A divorced couple's legal battle over their frozen embryos has reached the Colorado Supreme Court.
Mandy and Drake Rooks had three children together via IVF during their marriage, and have a further six embryos still frozen. The couple separated in 2014, but Mrs Rooks wished to use the remaining embryos to have another child, while Mr Rooks, wanted the embryos to be destroyed. A contract that the couple signed when the embryos were created contained the option to specify the fate of any remaining embryos should the marriage break down, but the couple opted to leave the decision to the courts.
The initial trial court ruled in favour of Mr Rooks, prioritising his interest not to have more children. The Court of Appeals – applying a balancing test – also ruled in favour of Mr Rooks.
'They weighed whether the mom has more than one kid, whether she is going to be able to have more and whether she can economically afford the kids,' Giese told Denver 7.
However, Katy Donnelly, representing Mrs Rooks, contends that Mr Rooks no longer has a recognised constitutional right over the embryos. Since he consented to the fertilisation, Donnelly argues that the embryos now belong to the gestational parent.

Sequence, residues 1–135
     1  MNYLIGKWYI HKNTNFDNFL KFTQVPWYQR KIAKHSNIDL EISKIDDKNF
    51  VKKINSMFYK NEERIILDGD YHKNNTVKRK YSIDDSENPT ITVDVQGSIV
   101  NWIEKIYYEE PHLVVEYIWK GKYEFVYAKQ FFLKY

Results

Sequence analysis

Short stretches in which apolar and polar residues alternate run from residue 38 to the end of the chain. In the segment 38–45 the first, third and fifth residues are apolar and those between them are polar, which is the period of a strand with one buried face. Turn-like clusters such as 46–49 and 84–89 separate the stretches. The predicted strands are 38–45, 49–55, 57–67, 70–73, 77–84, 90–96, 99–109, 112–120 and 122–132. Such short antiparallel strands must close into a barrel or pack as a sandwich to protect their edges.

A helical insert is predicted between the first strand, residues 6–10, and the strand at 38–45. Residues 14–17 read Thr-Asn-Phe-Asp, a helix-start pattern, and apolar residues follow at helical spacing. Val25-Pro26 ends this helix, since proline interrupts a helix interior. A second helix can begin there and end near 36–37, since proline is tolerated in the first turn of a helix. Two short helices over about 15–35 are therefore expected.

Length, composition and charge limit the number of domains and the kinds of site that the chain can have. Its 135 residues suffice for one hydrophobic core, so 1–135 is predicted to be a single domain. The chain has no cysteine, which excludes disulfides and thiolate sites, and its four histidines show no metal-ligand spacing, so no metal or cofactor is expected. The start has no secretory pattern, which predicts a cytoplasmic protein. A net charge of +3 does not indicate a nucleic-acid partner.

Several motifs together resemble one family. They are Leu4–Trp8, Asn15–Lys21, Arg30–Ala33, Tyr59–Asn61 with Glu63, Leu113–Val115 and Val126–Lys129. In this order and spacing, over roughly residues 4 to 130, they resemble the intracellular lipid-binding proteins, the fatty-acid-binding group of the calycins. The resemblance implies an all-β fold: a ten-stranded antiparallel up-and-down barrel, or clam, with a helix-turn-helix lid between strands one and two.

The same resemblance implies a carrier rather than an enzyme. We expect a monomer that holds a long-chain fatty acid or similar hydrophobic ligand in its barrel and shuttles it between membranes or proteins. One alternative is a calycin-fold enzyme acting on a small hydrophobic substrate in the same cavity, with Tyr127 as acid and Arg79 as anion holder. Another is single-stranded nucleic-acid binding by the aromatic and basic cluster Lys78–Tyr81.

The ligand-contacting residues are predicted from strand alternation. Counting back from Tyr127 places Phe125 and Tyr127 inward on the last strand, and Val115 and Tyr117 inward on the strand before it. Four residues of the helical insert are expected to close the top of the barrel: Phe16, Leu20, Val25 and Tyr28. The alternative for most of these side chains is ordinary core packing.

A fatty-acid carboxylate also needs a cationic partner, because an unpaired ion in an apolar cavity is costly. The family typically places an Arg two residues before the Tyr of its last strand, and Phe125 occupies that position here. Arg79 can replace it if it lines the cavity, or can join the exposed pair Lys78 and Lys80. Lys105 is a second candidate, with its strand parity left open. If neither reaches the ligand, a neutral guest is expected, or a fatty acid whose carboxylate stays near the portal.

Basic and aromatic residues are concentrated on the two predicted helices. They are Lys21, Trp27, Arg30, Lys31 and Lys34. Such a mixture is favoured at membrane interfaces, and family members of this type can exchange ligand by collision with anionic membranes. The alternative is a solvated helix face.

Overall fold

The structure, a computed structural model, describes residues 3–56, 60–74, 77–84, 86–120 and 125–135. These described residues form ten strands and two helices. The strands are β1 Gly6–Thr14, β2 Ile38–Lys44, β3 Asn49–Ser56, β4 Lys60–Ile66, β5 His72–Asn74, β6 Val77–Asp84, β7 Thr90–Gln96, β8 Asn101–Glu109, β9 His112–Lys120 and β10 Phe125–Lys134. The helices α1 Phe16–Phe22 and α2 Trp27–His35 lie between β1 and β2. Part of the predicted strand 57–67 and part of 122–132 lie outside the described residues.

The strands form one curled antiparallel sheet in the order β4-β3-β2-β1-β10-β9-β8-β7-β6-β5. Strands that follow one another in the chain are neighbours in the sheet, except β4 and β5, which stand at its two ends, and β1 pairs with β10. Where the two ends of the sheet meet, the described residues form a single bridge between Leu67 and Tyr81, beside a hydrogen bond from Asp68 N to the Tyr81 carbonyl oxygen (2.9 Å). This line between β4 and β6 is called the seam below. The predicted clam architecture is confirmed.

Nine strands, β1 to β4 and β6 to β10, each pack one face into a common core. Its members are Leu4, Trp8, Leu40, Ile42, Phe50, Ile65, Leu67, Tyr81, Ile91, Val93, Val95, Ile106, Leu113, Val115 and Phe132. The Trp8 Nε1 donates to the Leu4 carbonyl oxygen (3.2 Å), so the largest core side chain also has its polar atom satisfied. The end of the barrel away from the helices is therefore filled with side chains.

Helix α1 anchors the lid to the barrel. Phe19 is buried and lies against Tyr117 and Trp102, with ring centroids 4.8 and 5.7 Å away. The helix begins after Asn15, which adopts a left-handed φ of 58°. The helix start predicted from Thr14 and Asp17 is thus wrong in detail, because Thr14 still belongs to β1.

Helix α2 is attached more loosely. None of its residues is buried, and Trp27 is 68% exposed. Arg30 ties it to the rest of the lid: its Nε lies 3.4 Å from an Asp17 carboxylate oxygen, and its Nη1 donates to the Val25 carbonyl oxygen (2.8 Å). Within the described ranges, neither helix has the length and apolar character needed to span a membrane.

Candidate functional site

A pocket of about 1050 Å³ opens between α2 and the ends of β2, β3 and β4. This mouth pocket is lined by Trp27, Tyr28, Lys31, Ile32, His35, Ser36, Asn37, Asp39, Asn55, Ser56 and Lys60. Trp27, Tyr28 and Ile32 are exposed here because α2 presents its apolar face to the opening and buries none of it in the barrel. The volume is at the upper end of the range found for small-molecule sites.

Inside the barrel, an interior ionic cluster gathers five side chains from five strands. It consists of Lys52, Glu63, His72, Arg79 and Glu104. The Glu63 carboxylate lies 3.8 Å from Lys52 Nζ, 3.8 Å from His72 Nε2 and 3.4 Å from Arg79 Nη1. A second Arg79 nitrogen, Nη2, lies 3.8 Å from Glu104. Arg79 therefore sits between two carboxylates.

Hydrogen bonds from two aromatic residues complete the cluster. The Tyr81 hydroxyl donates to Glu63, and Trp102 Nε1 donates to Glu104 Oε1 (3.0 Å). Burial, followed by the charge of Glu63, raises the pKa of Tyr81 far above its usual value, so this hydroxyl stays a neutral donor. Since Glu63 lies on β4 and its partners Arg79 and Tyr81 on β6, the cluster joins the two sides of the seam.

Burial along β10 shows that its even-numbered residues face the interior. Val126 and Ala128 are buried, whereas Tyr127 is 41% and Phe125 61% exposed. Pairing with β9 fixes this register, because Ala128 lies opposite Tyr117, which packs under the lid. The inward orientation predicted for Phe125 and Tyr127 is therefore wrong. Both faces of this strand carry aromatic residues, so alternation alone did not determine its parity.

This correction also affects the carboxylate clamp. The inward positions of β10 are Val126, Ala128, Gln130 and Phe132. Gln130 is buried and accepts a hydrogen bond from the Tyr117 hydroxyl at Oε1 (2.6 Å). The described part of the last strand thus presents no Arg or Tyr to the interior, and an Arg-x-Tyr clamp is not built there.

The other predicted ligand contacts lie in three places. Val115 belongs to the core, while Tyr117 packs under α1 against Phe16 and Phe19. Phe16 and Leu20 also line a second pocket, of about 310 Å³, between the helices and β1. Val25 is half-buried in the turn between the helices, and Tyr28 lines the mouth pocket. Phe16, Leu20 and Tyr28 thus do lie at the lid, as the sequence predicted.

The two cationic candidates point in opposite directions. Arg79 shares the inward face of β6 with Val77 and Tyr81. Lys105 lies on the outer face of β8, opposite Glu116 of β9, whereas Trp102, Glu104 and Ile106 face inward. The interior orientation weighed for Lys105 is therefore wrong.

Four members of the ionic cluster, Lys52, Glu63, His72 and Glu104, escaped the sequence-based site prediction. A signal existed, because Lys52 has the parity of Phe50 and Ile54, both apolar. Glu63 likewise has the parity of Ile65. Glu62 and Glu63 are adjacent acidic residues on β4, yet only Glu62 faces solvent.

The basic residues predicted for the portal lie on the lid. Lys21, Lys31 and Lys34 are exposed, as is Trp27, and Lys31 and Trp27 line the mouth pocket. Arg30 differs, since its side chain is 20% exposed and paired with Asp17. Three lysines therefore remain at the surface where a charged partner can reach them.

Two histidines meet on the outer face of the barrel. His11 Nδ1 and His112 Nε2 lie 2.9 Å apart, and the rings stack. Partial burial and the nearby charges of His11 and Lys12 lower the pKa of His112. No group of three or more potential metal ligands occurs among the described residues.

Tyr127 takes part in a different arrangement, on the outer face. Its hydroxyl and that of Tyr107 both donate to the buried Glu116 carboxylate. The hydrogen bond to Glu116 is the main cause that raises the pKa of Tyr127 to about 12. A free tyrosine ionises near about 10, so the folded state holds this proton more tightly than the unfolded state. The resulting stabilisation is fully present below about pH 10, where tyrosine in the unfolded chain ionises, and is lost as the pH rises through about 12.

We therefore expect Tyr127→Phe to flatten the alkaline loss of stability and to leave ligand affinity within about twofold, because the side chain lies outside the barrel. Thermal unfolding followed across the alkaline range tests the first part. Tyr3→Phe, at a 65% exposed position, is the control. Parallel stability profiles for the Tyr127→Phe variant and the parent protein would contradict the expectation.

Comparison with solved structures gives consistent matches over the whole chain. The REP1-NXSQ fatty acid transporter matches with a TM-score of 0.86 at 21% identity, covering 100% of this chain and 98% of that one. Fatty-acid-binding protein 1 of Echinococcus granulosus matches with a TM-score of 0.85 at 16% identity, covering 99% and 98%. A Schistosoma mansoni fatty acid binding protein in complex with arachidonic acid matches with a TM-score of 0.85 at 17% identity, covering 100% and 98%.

Disputes of this kind are not new in the USA, where the fertility sector is not governed by national legislation or a regulatory body, and so decisions may vary between states. However, the Colorado Supreme Court's decision in this case may have wide-reaching implications as the question it must consider is framed in constitutional terms: does the right to procreate trump the right not to?
The constitutional angle introduced by Mrs Rooks' lawyers may be because relying on previous case law would likely be unsuccessful. State courts have tended to rule in favour of women who were cancer survivors or who had no children. Mrs Rooks has three children from the marriage, and although she claimed the embryos were created using her last viable eggs, she has since had a fourth child, whose genetic origins have not been revealed.